Depletion: the wasting away of an asset as it is used up.

Deposit Account: a bank account for money to be kept in for a long time. Deposit accounts normally pay a higher rate of interest when compared to a than current accounts.

Depreciation: a figure representing the reduction in value of a fixed asset through use, obsolescence etc, in the calculation of Net profit. This involves dividing the value of the asset into instalments to each accounting period of its useful life. Depreciation involves estimates of life and residual values. It is common that an asset will be worth less at the end of its life expectancy than when the business first started using it, so in affect, it has cost the business money. If it has cost the business money, then it must be an expense and will therefore affect the profit and loss. The asset is also expected to be worth less, and thus also affect the balance sheet. There are various methods of depreciation, Straight Line and Reducing Balance:

  • Straight Line Depreciation Method

To use the Straight Line method, you need to know:

  • The initial cost of an asset.

  • The useful life of the asset and the residual value of the asset, (what it will be worth at the end of its useful life) or scrap value.

As an example, the business has a vehicle worth £10,000 that is expected to last 5 years and is estimated to be valued at £4,000 after that time. This means it will be worth £6,000 less in 5 years time and the £6,000 will be a cost to the business and therefore needs to be apportioned to the depreciation expense account. £6,000 divided by 60 months = £100 depreciation cost per month. To account for this the business would set up a depreciation account as an expense account. A debit of £100 would be made to this account monthly and a credit would go to the vehicle account reducing the value of the asset each month.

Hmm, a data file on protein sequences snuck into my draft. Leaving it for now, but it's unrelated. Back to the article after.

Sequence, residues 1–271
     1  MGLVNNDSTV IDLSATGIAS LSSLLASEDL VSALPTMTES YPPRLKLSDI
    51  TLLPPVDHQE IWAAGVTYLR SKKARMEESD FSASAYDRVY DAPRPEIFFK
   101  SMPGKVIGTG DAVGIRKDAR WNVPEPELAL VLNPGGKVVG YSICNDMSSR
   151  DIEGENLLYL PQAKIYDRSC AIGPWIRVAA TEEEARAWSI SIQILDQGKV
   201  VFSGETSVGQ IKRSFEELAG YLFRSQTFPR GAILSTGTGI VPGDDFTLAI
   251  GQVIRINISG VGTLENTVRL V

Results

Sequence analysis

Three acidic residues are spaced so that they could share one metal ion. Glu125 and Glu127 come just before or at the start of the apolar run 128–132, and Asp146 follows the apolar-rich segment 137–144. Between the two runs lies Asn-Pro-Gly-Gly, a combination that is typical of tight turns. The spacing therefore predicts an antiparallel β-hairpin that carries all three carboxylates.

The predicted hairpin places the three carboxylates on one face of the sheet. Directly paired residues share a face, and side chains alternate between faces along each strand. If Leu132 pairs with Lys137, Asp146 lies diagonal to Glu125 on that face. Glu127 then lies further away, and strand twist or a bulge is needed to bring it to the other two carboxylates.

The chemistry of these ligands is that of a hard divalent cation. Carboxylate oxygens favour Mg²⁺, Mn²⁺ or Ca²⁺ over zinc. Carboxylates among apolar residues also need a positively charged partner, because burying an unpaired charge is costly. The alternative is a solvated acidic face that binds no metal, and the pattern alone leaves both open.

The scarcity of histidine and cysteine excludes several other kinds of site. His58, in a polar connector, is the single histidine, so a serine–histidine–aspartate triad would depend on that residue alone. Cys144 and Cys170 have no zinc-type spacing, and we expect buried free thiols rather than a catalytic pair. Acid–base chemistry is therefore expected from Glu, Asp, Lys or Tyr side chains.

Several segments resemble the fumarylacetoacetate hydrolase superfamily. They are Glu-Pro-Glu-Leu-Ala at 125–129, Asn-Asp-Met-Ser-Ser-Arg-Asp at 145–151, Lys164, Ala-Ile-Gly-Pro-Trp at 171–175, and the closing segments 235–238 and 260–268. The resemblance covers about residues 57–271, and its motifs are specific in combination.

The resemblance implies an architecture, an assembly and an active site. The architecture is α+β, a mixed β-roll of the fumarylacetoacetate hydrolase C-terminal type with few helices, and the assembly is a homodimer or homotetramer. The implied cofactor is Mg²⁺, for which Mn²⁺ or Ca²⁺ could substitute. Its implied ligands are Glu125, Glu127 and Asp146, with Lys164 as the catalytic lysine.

Using this method the value left in the vehicle account by the end of 5 years would be £4000.

  • Reducing Balance Depreciation Method

The other method of accounting for depreciation is called Reducing Balance.

The asset is not reduced by the same fixed amount each year but instead by a fixed percentage, which is calculated on the asset balance at the end of each year once depreciation has been applied.

For example, let’s assume that a veehicle will depreciate by 20% every year over the life of 5 years:

  • Year 1 Original Cost Depreciation = £10,000 - £2,000

  • Year 2 Balance Depreciation = £8,000 - £1,600

  • Year 3 Balance Depreciation = £6,400 - £1,280

  • Year 4 Balance Depreciation = £5,120 - £1,024

  • Year 5 Balance Depreciation = £4,096 - £819

  • Balance = £3,277

As you can see, the depreciation for year 1 has been calculated as 20% of £10,000, but in year 2 the depreciation has been calculated as 20% of the reduced balance which is £8,000 - £1,600 depreciation in year 2 which differs from the depreciation amount in year 1.